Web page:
Repellents play a key role in preventing mosquito-borne diseases such as malaria by reducing
human-vector contact. The general mechanism of action relies on providing a repelling vapour
around the applied area on the skin. Thus, the proper evaporation rate and consistency of the
composition of the released vapour are factors determining the performance of repellent
formulations. The formulation should evaporate fast enough to provide a sufficient level of
repellence during its life time. However, if evaporation proceeds too fast, then it will be
depleted rapidly so that activity is lost within a short period of time, which makes the repellent
Several controlled-release approaches have been developed to improve both the protection time
and level. However, these techniques have inherent drawbacks from the industrial point of
view. Moreover, these techniques mostly focus only on reducing the release rate, while the
consistency of the vapour composition has not been addressed.
In the present study, a novel approach towards controlling the evaporation behaviour of
repellents is proposed. It is based on engineering the molecular interactions in order to design
negative pseudo-azeotrope formulations. Negative pseudo-azeotrope mixtures are less volatile
than the pure parent components and they do not undergo separation during evaporation. The feasibility of the idea was investigated by studying the molecular structure of generally
available repellents. Among known molecular interactions, hydrogen bonding has the most
likely impact on the formation of azeotropes and in particular pseudo-azeotropes. Thus,
established repellents were classified based on their chemical structures and their capability to
take part in hydrogen bonding. Next, a simple spectroscopic method for anticipating pseudoazeotropes
formation was developed. Binary compositions of nonanoic acid and ethyl
butylacetylaminopropionate (IR3535) showed a potential for forming pseudo-azeotrope
mixtures. Hence R3535 and nonanoic acid were selected as model compounds to test the
An experimental technique to confirm pseudo-azeotrope formation and to locate the
composition of the probable pseudo-azeotrope point was required. To this end, an oven test
was designed. The temporal mass loss, under an isothermal program, of a series of evaporating
mixtures was measured. Simultaneously, the Fourier transform infrared (FTIR) spectra of the
liquid remaining was recorded. Inverse analysis techniques were used to determine the
composition of remaining liquid mixtures from the recorded FTIR spectra. The oven tests
revealed that, as vaporisation progressed, the composition of the liquid remaining and the
emitted vapour converged to a fixed IR3535 content of ca. 75 mol%. Mixtures close to this
composition also featured the lowest volatility. Oven test also showed that the composition of
the liquid mixtures diverged from the fixed IR3535 content of ca. 10 mol%. Mixtures close to
this composition featured the highest volatility. These observations showed that IR3535 and
nonanoic acid forms two pseudo-azeotrope compositions, i.e. a negative pseudo-azeotrope at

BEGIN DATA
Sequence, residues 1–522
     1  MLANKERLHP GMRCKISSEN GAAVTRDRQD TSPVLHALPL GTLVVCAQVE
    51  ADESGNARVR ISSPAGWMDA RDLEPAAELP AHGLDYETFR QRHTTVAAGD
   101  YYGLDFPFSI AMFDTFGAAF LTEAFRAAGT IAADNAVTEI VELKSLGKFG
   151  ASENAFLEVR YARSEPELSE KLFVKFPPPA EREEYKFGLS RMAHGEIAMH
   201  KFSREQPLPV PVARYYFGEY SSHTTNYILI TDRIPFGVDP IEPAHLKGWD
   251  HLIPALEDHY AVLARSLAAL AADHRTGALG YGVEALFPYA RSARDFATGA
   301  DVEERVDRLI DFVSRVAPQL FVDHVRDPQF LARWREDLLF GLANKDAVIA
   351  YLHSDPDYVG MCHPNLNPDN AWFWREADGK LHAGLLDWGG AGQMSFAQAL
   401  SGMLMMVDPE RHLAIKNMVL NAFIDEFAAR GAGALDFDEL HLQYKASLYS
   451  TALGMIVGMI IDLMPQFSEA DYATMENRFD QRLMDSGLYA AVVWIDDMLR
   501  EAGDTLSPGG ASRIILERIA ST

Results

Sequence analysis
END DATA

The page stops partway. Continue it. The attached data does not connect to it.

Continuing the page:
an IR3535 content of ca. 75 mol%, and a positive pseudo-azeotrope at IR3535 content of ca.
Thermogravimetric analysis (TGA) and differential scanning calorimetry (DSC) were applied
to check these results. TGA confirmed that the negative pseudo-azeotrope mixture is less
volatile while the positive pseudo-azeotrope is more volatile than the parent compounds. The
DSC results revealed that in comparison with the pure compounds, negative pseudo-azeotrope
had a lower boiling point onset while the positive pseudo-azeotrope had a higher boiling point.
Although negative pseudo-azeotrope repellent formulations have the desired lower constant
release rate, their repellent activity needed to be tested. This is due to the fact that mixing the ingredients to formulate a negative pseudo-azeotrope results in interactions among the
components. As a consequence, the inherent repellence effect of the compounds might have
been impaired in the mixture.
The modified arm-in-cage test was used to test the repellence of the controlled-release repellent
formulation i.e. the negative pseudo-azeotrope of the IR3535 + nonanoic acid system. Results
showed that the mixture featured improved performance with respect to both repellence
efficacy and persistence. Moreover, the negative pseudo-azeotrope also exhibited a knock
down effect, even resulting in mortality of most of the test mosquitoes.
The presence of two pseudo-azeotrope points at different composition in the IR3535 +
nonanoic acid system is a rare occurrence, analogous to double azeotropy. Thus, molecular
simulation techniques were used to explore the nature of system and the interactions
responsible for this unique behaviour. Gibbs-Monte Carlo simulation results suggest that
variations in the sizes of the molecular clusters present in the liquid at various compositions
might be responsible. They revealed that IR3535 and nonanoic acid in neat form are both highly
structured liquids. The break-down in the structure of IR3535 at high concentrations of the acid
may be the origin of increased evaporation rate and formation of the positive pseudo-azeotrope.
On the other hand, negative pseudo-azeotrope may be resulted from formation of bulkier
clusters at the ration of 3:1 (IR3535: nonanoic acid).
Thesis (PhD (Chemical Technology))--University of Pretoria, 2016.